46. The virus infects the cells surrounding the nerve resulting in inflammation. The immune system responds to the damaged Schwann cells, which causes inflammation of the nerve and subsequent weakness or paralysis of the face. The course of the paralysis and the recovery will depend upon the degree and amount of damage to the nerve.
  47. 2.)Compression of the nerve: • Edema and ischemia result in compression of the facial nerve within fallopian or facial canal. • The first portion of the facial canal, the labyrinthine segment, is the narrowest. • The meatal foramen in this segment has a diameter of only about 0.66 mm. This is the location that is thought to be the most common site of compression of the facial nerve in Bell palsy.
  48. FEATURES OF BELL'S PALSY • Unilateral involvement. • Loss of nasolabial fold. • Drooping of the corner of the mouth. • Slight widening palpebral fissure. • Inability to close eyelid (bell's sign). • Mask like appearance of face. • Inability to smile , close eye or raise eyebrow . • Whistling impossible. • Inability to puffing cheeks. • Inability to wrinkle forehead . • Slurred speech. • Loss/alteration of taste.
  49. DIAGNOSIS OF BELL'S PALSY • By exclusion • Criteria: • Paralysis or paresis of all the muscles groups on side of the face. • Sudden onset. • Absence of signs of CNS disease. • Absence of signs of ear disease.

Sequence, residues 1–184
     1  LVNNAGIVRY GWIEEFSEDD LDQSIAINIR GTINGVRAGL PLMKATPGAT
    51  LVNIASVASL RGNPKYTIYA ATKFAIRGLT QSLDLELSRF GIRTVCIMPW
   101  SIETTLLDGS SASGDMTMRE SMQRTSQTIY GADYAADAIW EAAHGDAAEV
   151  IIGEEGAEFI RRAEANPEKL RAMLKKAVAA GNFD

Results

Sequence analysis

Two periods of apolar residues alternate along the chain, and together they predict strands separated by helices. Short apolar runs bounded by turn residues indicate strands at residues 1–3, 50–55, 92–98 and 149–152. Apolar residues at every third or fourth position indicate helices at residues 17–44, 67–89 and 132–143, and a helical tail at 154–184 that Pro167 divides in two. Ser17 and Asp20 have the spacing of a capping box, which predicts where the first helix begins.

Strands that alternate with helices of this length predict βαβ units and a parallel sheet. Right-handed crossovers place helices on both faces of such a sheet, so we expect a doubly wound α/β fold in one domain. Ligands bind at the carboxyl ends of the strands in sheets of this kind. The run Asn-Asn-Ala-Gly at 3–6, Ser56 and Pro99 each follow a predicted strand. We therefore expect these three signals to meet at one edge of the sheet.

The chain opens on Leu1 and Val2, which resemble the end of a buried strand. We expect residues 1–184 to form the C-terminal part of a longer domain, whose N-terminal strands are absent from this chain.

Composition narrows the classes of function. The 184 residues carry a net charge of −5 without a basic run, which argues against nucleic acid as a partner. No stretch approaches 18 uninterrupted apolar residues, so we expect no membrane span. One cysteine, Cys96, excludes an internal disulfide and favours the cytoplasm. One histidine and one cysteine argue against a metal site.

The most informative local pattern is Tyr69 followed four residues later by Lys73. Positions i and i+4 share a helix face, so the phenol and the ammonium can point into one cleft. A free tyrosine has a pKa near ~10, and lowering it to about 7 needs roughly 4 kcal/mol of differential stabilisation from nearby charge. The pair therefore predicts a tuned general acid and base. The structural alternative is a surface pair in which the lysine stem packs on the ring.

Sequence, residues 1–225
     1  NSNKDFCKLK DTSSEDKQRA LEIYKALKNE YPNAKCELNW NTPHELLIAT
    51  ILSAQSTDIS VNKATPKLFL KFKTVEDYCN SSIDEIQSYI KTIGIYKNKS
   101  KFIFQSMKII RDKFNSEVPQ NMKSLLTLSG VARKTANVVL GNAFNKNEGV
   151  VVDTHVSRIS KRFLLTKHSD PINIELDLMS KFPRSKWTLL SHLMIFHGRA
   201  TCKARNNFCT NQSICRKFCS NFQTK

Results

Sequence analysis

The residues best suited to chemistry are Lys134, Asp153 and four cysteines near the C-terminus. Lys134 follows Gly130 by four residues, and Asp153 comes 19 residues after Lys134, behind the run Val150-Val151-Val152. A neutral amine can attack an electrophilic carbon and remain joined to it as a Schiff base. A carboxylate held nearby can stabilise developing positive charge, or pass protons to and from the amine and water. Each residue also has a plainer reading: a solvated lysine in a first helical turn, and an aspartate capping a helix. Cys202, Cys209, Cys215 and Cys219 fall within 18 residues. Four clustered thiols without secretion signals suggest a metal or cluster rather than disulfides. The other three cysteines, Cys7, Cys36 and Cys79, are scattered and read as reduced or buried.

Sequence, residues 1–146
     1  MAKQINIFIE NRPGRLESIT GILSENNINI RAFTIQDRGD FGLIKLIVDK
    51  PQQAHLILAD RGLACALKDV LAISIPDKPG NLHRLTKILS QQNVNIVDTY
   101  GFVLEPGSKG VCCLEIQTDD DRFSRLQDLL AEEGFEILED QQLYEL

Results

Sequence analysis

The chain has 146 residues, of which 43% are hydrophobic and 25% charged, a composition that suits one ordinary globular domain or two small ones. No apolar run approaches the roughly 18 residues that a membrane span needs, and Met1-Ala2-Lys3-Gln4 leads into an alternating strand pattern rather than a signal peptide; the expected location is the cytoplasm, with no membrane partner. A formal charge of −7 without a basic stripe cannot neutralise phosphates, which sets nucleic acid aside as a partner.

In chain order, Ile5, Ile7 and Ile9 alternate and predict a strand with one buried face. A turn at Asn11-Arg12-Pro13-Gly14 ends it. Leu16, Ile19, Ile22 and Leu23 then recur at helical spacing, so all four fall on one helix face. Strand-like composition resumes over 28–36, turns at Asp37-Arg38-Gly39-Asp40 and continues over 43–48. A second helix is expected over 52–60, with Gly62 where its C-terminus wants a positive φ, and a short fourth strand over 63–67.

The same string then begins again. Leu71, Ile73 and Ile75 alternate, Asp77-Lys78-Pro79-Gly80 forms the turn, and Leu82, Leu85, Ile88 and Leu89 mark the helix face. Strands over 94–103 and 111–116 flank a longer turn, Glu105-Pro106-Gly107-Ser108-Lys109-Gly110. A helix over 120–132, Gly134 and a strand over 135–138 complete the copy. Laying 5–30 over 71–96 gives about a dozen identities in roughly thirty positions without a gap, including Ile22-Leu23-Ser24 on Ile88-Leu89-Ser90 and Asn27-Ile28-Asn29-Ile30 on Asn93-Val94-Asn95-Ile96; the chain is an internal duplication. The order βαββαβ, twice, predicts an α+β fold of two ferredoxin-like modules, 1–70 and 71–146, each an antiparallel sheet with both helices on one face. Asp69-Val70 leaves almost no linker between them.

50. HISTORY • Patient also mentoin otalgia or aural fullness and facial or retroauricular pain,which is typically mild and may precede the palsy. • The palsy is often sudden in onset and evolves rapidly ,with maximal facial weakness developing within two or three days. • Associated symptoms may be hyperacusis,decresed production of tears and altered taste. • The most alamring symptom of bell's palsy is paresis.
  51. PHYSICAL EXAMINATION • Bell's phenomenon —upward diversion of the eye on attempted closure of the lid—is seen when eye closure is incomplete. • Careful inspection of the ear canal, tympanic membrane, and oropharynx. • Evaluation of peripheral nerves function in the extremities. • Palpation of the parotid gland.
  52. COURSE AND PROGNOSIS • Partial paralysis always resolves completely within a few weeks. • Recovery from complete paralysis takes longer (months)and is complete in only about 60-70% cases. • Approximately 15% of patients are left with troublesome residual palsy and or synkinesis.
  53. MANAGEMENT • The main aims of treatment in the acute phase of Bell's palsy are to speed recovery and to prevent corneal complications. • Psychological support is also essential, and for this reason patients may require regular follow up. • There is general agreement that 70-80% of these patients recover completely ,while the reminder develop various sequelae within one to three months
  54. • Eye care: • It focuses on protecting the cornea from drying and abrasion due to problems with lid closure and the tearing mechanism. • Lubricating drops (carboxy methyl cellulose)should be applied hourly during the day and a simple eye ointment should be used at night.
  55. MEDICAL TREATMENT • Corticosteroids : • Prednisolone 1mg/kg/day 7-10 days • Corticosteroids combine with antiviral drugs is better. • Acyclovir 400mg 5 times/day. • Famciclovir and valacyclovir 500mg bid
  56. SURGICAL TREATMENT • Facial nerve decompression. • INDICATION: • Completely paralysis. • Appropiate time for surgery is 2-3 weeks after paralysis.
  58. HERPES ZOSTER OTICUS SYNDROME • Symptoms: • Facial paralysis • Ear pain • Vesicles • Hearing loss • vertigo